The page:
Expanding Jan. 6 Probe Stretches DOJ Resources

Expanding Jan. 6 Probe Stretches DOJ Resources rioters clash with police and security forces at the u.s. capitol on jan. 6, 2021 Rioters clash with police and security forces at the U.S. Capitol on Jan. 6, 2021. (Brent Stirton/Getty Images)

By Jeffrey Rodack | Friday, 29 July 2022 09:22 AM EDT

Federal officials are raising concerns that the Justice Department's expanding investigation into the Jan. 6, 2021 riot at the U.S. Capitol could bring the already stretched probe to a breaking point, according to NBC News.

Cases against Capitol rioters are making their way through the court systems as a federal grand jury is hearing testimony about the role then-President Donald Trump may have played that day.

The Washington Post reported on Tuesday that the Justice Department is investigating Trump's actions in a criminal probe of the former president's attempts to overturn his 2020 election defeat.

More than a dozen sources expressed concern to NBC News that the department's resources may be stretched too thin.

NBC News noted law enforcement agents have made about 850 arrests since the riot. It noted, however, that represents only a sliver of the more than 2,500 people who entered the Capitol.

In addition, the U.S. Attorney Office in Washington, which is directing the riot investigations, is also looking at a number of other related issues, including whether there was a conspiracy to obstruct the electoral vote certification on Jan. 6, according to NBC News.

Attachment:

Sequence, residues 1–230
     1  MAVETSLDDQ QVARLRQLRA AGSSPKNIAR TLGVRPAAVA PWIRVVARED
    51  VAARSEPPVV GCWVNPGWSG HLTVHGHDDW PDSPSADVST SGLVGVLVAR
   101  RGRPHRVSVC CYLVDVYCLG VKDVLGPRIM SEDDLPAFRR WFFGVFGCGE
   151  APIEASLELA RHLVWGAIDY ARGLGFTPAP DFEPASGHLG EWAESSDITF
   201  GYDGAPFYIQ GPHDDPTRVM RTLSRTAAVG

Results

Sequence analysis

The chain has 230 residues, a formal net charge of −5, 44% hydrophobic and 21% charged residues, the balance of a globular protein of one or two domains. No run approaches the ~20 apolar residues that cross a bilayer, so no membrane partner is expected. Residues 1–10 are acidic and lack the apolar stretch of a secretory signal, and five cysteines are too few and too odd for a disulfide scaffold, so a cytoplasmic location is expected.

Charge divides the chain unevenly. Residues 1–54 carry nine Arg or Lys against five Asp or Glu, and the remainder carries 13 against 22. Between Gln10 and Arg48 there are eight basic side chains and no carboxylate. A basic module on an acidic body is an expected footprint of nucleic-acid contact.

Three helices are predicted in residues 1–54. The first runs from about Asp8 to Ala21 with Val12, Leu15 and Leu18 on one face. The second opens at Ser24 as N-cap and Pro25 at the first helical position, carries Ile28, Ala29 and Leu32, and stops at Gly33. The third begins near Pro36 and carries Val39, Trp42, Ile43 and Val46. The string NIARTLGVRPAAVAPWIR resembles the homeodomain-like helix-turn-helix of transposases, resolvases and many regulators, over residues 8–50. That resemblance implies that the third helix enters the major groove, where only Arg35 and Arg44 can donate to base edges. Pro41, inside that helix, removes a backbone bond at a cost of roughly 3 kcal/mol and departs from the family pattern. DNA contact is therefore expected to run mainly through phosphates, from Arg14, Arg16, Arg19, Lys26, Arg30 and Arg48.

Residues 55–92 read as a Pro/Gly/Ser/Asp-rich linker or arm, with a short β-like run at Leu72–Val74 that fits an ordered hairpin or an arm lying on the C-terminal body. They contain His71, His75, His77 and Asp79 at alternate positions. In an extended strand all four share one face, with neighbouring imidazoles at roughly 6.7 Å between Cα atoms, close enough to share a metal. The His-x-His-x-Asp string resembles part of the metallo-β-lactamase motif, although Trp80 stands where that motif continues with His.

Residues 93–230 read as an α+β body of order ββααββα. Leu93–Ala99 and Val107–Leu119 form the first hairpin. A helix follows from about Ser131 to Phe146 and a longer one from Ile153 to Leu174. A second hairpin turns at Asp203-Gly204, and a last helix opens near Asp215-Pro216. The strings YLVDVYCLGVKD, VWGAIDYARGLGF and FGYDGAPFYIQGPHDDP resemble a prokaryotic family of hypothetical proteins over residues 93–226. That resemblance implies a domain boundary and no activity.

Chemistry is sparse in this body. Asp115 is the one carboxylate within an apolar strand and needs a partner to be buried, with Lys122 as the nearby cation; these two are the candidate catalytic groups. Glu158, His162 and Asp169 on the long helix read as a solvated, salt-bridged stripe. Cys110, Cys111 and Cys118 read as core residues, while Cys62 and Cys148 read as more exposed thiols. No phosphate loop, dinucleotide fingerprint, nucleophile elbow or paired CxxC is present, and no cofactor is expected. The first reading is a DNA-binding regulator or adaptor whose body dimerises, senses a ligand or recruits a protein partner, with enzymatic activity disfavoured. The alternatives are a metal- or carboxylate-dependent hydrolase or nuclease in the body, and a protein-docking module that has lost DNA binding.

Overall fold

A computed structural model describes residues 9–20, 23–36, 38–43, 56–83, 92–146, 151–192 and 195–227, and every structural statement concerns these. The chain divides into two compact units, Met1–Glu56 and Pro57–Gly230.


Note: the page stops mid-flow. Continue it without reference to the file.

In a budget request for 2023, the Justice Department has asked Congress for more than $34 million to fund 130 employees, including 80 federal prosecutors, to aid the "extraordinary" investigation.

Still, Attorney General Merrick Garland told NBC News he is "confident" that the Justice Department could handle the workload regardless of what Congress does.

"Of course, we'd like more resources, and if Congress wants to give that to us, that would be very nice," Garland said Tuesday. "But we have people — prosecutors and agents — from all over the country working on this matter, and I have every confidence in their ability, their professionalism, their dedication to this task."

Others are not as certain.

"We don't have the manpower," an official said.

Former U.S. Attorney Joyce Vance said: "People are concerned about the resources. It's an enormous amount of cases, and that puts pressure not just on DOJ, but on the courts and probation. It puts pressure on the entire system."

Without the extra funding from Congress, the Jan. 6 investigation will take away resources from other unrelated investigations.

"This will have a detrimental impact on the United States Attorneys' ability to backfill vacancies and prosecute important cases in other jurisdictions," the Justice Department said in its budget request to Congress.

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